Perhaps the most important cast member is actually the one “seen” the least. And that is Kato, the average, normal, everyday girl that coincidentally stumbles onto the scene. When thinking about her character, there isn’t anything else to her than what has already been said; she’s nice and quiet. That’s it. But that’s the point. She isn’t meant to be some grandiose figure whose personality overshadows everyone else. She isn’t designated to have some tragic backstory or hidden feature. This is to fall in line with the meta that the anime boasts. In other words, in an anime like Saekano, the main love interest is as dull and as real a person can be. Utaha, Eriri, and Hyoudou are (obviously) the complete opposite. They’re vibrant, both in personality and demeanor. They’re talented in the ways of writing, art, and music, respectively (Kato has nothing, and even more than that she’s learning to program, a relatively boring job). And they’re each actively vying for Tomoya’s gaze. Kato has none of these aspects to her, contrasting heavily with the rest of the harem goers. But it’s precisely for this reason that she has the most in common with Tomoya, an equally passive, nonchalant, and regular guy.
Even so, she does do something worthwhile. And that is act in that outsider role, the supporter, for everyone else. While she may seem to be in hiding, her influence is apparent everywhere. With Utaha, she ends her date with Tomoya; with Eriri, she gives Tomoya the idea of using visual novel “flags;” and with Hyoudou she unearths for Tomoya his cousin’s unknown indoctrination. Meaning, when taking a step back and looking at the entire picture, the entire circle, nobody has had a greater effect on it, from initial conception to final formation, than the unremarkable Kato.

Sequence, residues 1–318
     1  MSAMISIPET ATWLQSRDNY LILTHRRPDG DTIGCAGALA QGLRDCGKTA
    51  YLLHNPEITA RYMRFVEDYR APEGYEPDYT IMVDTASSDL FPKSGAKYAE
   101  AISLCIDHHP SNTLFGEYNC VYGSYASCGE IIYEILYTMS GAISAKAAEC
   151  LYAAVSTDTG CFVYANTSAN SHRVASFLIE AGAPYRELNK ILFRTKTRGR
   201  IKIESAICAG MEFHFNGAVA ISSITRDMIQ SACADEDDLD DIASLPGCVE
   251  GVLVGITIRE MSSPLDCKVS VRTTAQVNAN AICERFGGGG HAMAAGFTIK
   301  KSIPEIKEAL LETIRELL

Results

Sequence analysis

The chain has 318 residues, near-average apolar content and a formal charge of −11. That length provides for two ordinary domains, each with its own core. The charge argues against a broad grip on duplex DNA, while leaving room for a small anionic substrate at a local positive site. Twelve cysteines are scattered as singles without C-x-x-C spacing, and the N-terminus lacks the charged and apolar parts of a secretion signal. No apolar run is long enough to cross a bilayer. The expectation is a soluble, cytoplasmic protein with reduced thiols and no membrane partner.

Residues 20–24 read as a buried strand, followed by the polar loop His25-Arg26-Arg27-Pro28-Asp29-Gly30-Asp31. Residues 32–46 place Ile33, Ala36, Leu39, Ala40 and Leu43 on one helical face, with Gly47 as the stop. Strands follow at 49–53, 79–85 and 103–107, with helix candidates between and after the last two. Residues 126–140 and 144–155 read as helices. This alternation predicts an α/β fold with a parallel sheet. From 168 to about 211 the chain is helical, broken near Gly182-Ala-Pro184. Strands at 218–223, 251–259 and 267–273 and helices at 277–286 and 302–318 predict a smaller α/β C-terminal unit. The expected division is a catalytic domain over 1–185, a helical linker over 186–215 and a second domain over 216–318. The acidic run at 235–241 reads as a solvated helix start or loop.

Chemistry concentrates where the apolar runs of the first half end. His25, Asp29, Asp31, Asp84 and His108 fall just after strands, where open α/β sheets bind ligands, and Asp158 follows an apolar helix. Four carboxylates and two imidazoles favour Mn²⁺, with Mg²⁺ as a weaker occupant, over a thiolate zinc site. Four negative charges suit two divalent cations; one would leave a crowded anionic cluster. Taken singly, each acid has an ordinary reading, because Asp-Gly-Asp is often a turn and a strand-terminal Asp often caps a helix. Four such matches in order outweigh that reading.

The OP is alright. The beat can be somewhat generic and the singer at times can be rather grating on the ears. However, following the middle of the piece, the one-two-three lyrics help to make it a bit catchier, and the background singers also support the main vocalist well enough.
The ED, on the other hand, is quite good. The “popping,” the all-over-the-place pacing in the singing, and super catchy lyrics make it quite pleasant to listen to, both in and out of the show. The random assortment of sound effects throughout also make it that much more fun.
The rest of the soundtrack is, more or less, fine, teetering on bad. The tracks themselves fit the anime, but aren’t particularly impressive in terms of sound or composition. Some are jokey, with their dainty instruments and tone — used during those similarly comedic times. Others try to be more emotional, with heavier emphasis on piano. All seem to lack a certain level of attention.
Getting back on track, though, the voice-acting is way above average for many of the cast. Special shout-outs are in order for: Ai Kayano as Utaha for her collected way of speaking, Saori Oonishi as Eriri for her pronunciation of Utaha’s name, and Yoshitsugu Matsuoka as Tomoya for his usual screaming.
Out of everything airing this season, this one was able to make me laugh the most. The nicely timed jokes, the fun characters, and the girls’ “romance” — the blushing, the yearning, and the quips between each other — always had me chuckling during an episode.
And when I wasn’t smiling, I was treated to some rather well-done fan-service. Many of the girls are given stunning physiques, and the anime lets you see as many sides to them as possible. Nakedness, sexual innuendos, and lewdness are the norm, and I enjoyed watching it all.
Saenai Heroine no Sodatekata may be mired in meta, but it’s a tad bit more than that. With nice animation, a good cast of characters, and enough sexiness to satiate any palate, this harem offers more than just a well-done visual novel.
Story: Fine, master of meta, lame issues, clouds its own theme
Animation: Good, nice art style, good character designs, above-average actual animation
Characters: Good, Utaha and Eriri are good, Kato is great, and the rest are okay
Sound: Fine, okay OP, good ED, okay soundtrack, great VA work
Enjoyment: Good, lots of laughs, fun “romance,” and sexy fan-service
Final Score: 6/10
Thanks for taking the time to read my review. If you want, take part in the discussion below! :3